Sparky, a 1-year-old Lab mix, was a “skittish” puppy when brought to live with the family next door to Donna, one of my readers in the Midwest.
Fearfulness is torture for an animal, and often leads to aggression.
Donna has some dog training experience and offered to help them help their pup to get over his fearfulness, but they declined. The family never socialized Sparky and his fearfulness got worse.
As he got older, he got more aggressive, eventually becoming very intense and serious. He started growling and baring his teeth as he charged the 4-foot chain-link fence separating him from Donna and her 19-year-old Chihuahua, Missy, 14-year-old Chihuahua, Tigger, and 10-year-old, 60-pound mixed breed, Alie.
Eventually, in his apparent determination to attack her and/or her dogs, he started attempting to climb the 4-foot chain-link fence.
Donna got scared enough that she called me for help.
I gave her some suggestions on how to train Sparky through the fence. BUT… my ideas involved feeding treats to Sparky, and Donna chose to ask permission first.
The answer: NO!
“Since I won't feed someone else's dog without their permission, I went next door and asked if I could use treats to try to start making friends,” she says. “They said they didn't want anyone but them feeding their dog.”
I suggested calling Animal Control and she laughed. “There are only 1,500 people here. We have no animal control. The nearest vet is 40 miles away. We have only two cops – the Chief of Police and his deputy. Out here, people are very independent and we take care of ourselves.”
We discussed different fencing options, but before Donna could do anything, about a week later, I got this email from her:
“As I've said, this is a little-bitty town, and I live less than a block from the high school, but my only close neighbors, other than that, are the next-door neighbors, and neighbors across the street. The neighbors across the street have three kids (12, 14 and 16) and two medium-sized mixed-breed dogs. Their dogs are great escape artists, but nobody cares because they know to avoid cars, and are no danger to anyone.
I was outside, starting to go to the store, the teens across the street had just gotten home and were playing with the dogs (who were in the unfenced front yard, as is usual when the kids are due to be home from school).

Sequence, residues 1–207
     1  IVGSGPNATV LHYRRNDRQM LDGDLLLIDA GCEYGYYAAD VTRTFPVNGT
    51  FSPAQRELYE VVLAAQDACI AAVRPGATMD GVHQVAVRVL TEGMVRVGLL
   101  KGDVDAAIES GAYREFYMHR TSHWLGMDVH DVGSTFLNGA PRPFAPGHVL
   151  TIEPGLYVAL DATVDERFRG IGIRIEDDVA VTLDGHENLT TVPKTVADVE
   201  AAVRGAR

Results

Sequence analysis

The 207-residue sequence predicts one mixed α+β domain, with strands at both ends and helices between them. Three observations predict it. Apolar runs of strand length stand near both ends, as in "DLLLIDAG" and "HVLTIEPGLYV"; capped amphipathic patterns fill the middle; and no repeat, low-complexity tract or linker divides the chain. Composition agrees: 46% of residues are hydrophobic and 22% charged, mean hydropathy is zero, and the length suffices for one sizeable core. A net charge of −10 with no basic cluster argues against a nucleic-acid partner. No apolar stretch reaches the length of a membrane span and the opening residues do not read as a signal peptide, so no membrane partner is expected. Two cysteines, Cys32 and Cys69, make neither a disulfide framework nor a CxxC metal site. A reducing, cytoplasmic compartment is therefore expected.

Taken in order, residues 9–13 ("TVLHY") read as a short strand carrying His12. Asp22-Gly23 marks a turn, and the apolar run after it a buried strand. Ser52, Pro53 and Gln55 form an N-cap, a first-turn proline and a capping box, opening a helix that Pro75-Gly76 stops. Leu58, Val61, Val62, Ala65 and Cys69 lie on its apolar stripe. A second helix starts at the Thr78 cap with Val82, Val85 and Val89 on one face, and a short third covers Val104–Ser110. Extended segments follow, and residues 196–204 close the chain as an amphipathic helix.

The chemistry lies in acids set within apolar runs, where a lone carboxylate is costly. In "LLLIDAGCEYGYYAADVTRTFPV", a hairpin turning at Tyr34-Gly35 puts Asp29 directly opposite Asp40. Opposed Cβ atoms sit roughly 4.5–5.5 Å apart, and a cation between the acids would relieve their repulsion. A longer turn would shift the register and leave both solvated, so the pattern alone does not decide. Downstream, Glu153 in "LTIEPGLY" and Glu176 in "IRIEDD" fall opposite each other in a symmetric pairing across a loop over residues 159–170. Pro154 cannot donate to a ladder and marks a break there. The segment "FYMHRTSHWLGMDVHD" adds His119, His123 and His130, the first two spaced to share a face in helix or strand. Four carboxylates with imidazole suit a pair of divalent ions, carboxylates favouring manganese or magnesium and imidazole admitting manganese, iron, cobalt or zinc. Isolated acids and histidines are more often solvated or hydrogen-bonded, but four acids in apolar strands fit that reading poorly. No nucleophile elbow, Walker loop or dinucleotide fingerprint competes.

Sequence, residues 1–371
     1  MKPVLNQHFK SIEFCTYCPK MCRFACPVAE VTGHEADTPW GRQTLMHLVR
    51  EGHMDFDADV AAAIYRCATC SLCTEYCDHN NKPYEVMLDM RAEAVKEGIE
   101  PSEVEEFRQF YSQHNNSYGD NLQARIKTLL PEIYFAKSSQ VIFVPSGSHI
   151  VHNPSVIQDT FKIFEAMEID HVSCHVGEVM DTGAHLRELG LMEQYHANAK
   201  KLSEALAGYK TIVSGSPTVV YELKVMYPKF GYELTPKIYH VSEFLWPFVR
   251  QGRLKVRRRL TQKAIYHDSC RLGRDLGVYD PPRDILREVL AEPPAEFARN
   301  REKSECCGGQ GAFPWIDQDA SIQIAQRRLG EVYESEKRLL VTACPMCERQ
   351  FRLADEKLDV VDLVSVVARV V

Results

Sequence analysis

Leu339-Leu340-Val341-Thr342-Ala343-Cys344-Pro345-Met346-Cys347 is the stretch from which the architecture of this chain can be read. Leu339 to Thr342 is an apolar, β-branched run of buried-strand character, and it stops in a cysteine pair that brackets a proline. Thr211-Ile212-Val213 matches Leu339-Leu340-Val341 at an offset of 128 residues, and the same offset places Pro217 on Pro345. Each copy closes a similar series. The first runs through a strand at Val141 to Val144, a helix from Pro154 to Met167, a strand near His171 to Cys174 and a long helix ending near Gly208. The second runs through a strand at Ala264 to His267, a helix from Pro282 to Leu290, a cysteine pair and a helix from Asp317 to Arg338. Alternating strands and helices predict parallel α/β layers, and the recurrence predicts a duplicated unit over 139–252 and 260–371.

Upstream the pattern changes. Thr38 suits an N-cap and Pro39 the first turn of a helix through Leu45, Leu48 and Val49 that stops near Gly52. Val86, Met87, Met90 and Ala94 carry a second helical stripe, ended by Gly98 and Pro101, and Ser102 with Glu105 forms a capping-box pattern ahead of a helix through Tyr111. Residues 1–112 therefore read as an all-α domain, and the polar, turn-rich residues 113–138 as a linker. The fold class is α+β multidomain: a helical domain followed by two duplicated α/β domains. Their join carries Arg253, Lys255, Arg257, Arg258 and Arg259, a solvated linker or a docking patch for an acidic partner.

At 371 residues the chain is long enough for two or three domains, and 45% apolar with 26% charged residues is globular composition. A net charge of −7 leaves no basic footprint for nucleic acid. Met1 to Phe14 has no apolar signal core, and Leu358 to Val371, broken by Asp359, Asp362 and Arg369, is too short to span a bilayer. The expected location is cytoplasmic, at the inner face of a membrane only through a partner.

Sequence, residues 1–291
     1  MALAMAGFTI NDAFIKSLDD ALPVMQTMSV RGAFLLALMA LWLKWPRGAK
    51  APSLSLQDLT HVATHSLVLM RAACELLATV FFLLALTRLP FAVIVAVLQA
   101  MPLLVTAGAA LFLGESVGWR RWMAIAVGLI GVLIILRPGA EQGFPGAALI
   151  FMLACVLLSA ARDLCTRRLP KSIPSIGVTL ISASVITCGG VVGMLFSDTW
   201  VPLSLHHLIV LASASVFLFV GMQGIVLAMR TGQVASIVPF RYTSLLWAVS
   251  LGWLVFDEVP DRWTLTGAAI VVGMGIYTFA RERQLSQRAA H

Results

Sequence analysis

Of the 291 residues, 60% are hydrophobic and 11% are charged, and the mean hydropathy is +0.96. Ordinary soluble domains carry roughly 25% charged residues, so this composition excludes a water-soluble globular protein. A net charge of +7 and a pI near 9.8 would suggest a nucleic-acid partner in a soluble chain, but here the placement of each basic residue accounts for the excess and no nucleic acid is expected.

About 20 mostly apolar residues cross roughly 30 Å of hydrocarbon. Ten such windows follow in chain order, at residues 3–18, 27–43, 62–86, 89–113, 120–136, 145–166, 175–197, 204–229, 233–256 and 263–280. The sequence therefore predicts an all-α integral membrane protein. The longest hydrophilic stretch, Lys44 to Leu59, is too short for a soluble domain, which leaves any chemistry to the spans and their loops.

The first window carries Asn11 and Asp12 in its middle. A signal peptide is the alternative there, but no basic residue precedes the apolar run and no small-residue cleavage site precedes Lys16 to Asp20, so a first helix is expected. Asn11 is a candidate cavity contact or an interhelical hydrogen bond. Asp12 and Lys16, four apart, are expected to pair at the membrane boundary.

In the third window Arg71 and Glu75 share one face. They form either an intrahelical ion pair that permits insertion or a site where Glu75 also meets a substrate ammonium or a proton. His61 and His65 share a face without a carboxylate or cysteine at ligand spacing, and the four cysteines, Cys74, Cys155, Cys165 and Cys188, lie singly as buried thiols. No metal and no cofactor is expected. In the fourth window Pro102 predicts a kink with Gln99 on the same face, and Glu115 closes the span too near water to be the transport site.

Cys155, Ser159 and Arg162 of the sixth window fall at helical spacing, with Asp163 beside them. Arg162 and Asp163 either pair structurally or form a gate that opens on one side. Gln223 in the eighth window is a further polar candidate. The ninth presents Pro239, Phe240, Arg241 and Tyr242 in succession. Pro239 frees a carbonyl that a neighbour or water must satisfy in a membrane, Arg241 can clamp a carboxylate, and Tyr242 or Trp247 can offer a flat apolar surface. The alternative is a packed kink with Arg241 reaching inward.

Sparky got agitated and finally made it over the fence, ran across the street and attacked the smaller of the two dogs who was playing with the 12-year-old girl. He got hold of the dog who was on top of the 12-year-old, and then bit her, a couple of times, badly, when she tried to push him away.
Their other dog got into it; bit and was bitten.
The 14-year-old girl grabbed little sister, trying to pull her away, so she was bitten. By that time, I'd gotten across the street and grabbed Sparky by his hind legs. (Note to readers: this is called “Wheelbarrowing" a dog – one method for breaking up a dog fight. PLEASE don't do this without learning more about it. As we all know, it's very dangerous to break up a dog fight.)
The 16-year-old boy tried to get Sparky away, and was also bitten when he grabbed their dogs by their collars.
Their Dad came out the front door and shot Sparky.
All three of their kids were bitten and I was bitten, but we will be OK. It was a melee, and I'm not sure how badly their dogs were injured. (They're still with the vet.)
Next-door-neighbors are furious at neighbors across the street, and a bit angry at me. WHY ARE THEY ANGRY AT OTHERS, when they're the ones who wouldn't train or socialize, their dog?!
About four days later, the family got another puppy. This time Donna intends to make friends, using treats, regardless.
Moral of the story: Dogs need socialization! Without it, they become fearful which CAN lead to aggression.
A puppy’s most vital socialization period is over at four months of age. It’s OVER! The best time to get a puppy is at eight weeks of age and then make it your mission to properly socialize that pup for the next two months. The work you put into him at that age, pays off for the rest of his life.
An adult dog with serious fear issues can be helped, but not cured. There's a lot we can do though. (BTW, it's not "dog training," it's behavior mod.) Being in a fearful state is torture for any living creature... Torture. They need help to feel safer and more confident, and that makes them safer for us to live with.
I wrote a piece on how to properly socialize a puppy. Contact me if you want me to send it to you. It’s the most important thing we need to know about dogs!
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